- Associated Press - Monday, June 8, 2015

JANESVILLE, Wis. (AP) - Tracy Engstrom wheeled into the Janesville City Services Center in her street sweeper Wednesday afternoon after another shift cleaning local curbsides.

She was pushing 19 mph, the vehicle’s top speed, but whether she’s flooring it or crawling at the machine’s working speed of 4 mph, she hears about it from motorists.

“I get yelled at a lot,” Engstrom said. “People honk at ya.”

Last week marked one of the half-dozen times a year the city breaks out its fleet of large, awkwardly shaped and lumbering street sweepers, The Janesville Gazette (http://bit.ly/1QadCoU ) reported.

They can draw the rancor of hurried drivers, and people sometimes shout that they don’t want sweepers cleaning their neighborhood streets. But to think the slow pace makes it an easy job or that all the sweepers do is a cosmetic touch-up would be wrong.

They play an important role in keeping local bodies of water clean and sewers functional, so much so that that Wisconsin Department of Natural Resources requires more 200 municipalities to do sweeping, said Tim Whittaker, stormwater engineer for the city.

“If street sweeping is not done, the first place we see problems is in clogging of catch basins and storm sewers within our infrastructure, and that’s costly in terms of maintenance,” Whittaker said. “And then if the material … gets into the river, for example, what you see is a lot of nutrients—phosphorous, nitrogen, suspended solids, dirt—that washes through the system that can have an impact on the water habitat for aquatic species.”

Municipalities with certain characteristics, such as a population of 10,000 or more or being located within a federally-designated urbanized area, are required by the DNR to sweep their streets. It’s up to the municipalities to determine how often, Whittaker said.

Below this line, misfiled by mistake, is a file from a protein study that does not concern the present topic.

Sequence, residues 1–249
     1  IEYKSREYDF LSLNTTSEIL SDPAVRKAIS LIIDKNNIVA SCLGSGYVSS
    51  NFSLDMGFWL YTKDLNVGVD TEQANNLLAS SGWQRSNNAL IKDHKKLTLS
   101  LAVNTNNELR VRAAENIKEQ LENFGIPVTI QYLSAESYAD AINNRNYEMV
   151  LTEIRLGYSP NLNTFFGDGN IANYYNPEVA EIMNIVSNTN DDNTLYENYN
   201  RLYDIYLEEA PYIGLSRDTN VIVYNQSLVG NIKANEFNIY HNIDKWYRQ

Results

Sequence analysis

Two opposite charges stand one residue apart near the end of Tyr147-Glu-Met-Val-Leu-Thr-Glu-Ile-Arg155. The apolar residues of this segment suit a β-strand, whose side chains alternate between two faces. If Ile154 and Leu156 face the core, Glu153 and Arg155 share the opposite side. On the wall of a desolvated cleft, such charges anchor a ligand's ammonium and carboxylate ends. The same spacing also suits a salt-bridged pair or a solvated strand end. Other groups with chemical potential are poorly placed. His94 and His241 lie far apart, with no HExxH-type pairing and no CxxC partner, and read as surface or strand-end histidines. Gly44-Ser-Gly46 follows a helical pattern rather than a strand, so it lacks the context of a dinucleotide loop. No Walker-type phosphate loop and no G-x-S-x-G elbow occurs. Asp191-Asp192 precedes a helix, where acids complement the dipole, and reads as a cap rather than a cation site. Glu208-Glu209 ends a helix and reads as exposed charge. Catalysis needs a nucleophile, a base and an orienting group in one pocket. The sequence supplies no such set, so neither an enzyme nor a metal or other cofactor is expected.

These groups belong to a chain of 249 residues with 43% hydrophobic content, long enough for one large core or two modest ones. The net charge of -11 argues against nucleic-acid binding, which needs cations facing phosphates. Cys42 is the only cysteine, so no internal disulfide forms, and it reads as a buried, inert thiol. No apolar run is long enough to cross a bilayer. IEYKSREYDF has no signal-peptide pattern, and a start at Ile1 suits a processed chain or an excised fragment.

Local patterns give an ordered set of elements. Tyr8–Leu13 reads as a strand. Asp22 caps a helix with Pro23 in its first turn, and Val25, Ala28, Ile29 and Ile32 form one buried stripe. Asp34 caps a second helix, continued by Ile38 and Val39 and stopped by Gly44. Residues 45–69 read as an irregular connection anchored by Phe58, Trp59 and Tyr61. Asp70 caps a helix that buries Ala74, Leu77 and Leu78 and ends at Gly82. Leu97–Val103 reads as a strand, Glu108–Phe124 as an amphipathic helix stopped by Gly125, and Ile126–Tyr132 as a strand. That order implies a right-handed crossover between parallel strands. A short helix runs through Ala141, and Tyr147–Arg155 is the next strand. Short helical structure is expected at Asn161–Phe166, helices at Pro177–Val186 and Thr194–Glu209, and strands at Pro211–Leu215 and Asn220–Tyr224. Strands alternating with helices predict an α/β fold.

Janesville keeps a fleet of four sweepers handy and usually deploys two at a time during six cycles every year between April and November.

One of those drivers is Engstrom, who has been handling the sweepers, snowplows and other equipment for the city for more than six years.

The machines have plenty of instruments to keep track of and can be difficult to control.

First there’s the rear steering of the vehicles, giving them the appearance of tail-spinning whenever they change direction. It takes days for new drivers to get the hang of it.

“It’s quite hilarious actually,” said Engstrom, who does the training.

Then there’s the brushes on each side of the vehicle and the broom underneath, which spin constantly and work together to kick the debris up onto a conveyer belt, which delivers the debris to a container.

The height of the brushes and broom are adjustable; too close to the ground and they won’t spin, too far away and they won’t sweep up anything.

Meanwhile, the only signal the trash container gives when it’s full is a trail of garbage, so there’s a lot of doubling back.

An eight-hour shift on the streets will usually involve covering about 25 miles at 4 mph, Engstrom said. Yeah, some people complain, she said, but mostly she and her co-workers get compliments.

“I like it,” Engstrom said with a laugh. “It doesn’t bother me.”

___

Information from: The Janesville Gazette, http://www.gazetteextra.com

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